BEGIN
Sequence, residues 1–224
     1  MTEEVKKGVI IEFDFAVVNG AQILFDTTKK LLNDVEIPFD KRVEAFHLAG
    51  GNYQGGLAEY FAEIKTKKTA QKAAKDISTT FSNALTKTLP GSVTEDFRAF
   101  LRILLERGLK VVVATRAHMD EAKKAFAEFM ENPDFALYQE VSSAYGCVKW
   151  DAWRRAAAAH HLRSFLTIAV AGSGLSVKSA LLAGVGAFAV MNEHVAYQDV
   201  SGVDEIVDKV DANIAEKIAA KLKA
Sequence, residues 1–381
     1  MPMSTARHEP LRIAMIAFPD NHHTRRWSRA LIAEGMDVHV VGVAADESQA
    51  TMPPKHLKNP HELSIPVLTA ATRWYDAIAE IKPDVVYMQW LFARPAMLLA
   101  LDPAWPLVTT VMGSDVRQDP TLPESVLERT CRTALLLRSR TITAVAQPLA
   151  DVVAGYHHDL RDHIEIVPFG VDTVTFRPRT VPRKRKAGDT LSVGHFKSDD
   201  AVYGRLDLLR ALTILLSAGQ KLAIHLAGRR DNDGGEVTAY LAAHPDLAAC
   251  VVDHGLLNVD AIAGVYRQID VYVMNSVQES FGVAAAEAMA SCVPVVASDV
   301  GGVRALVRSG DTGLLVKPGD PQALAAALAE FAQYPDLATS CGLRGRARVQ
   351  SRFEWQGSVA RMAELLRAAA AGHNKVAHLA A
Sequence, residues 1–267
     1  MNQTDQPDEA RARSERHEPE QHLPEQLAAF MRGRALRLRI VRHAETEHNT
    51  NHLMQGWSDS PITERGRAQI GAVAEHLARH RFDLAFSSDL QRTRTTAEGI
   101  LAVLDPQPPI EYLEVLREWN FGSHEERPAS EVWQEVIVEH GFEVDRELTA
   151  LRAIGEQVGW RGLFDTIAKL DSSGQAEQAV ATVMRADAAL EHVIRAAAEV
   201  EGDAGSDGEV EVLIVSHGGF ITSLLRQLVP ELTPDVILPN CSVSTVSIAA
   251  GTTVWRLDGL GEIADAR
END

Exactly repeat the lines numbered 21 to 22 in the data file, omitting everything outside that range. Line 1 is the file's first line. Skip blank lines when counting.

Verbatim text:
   201  EGDAGSDGEV EVLIVSHGGF ITSLLRQLVP ELTPDVILPN CSVSTVSIAA
   251  GTTVWRLDGL GEIADAR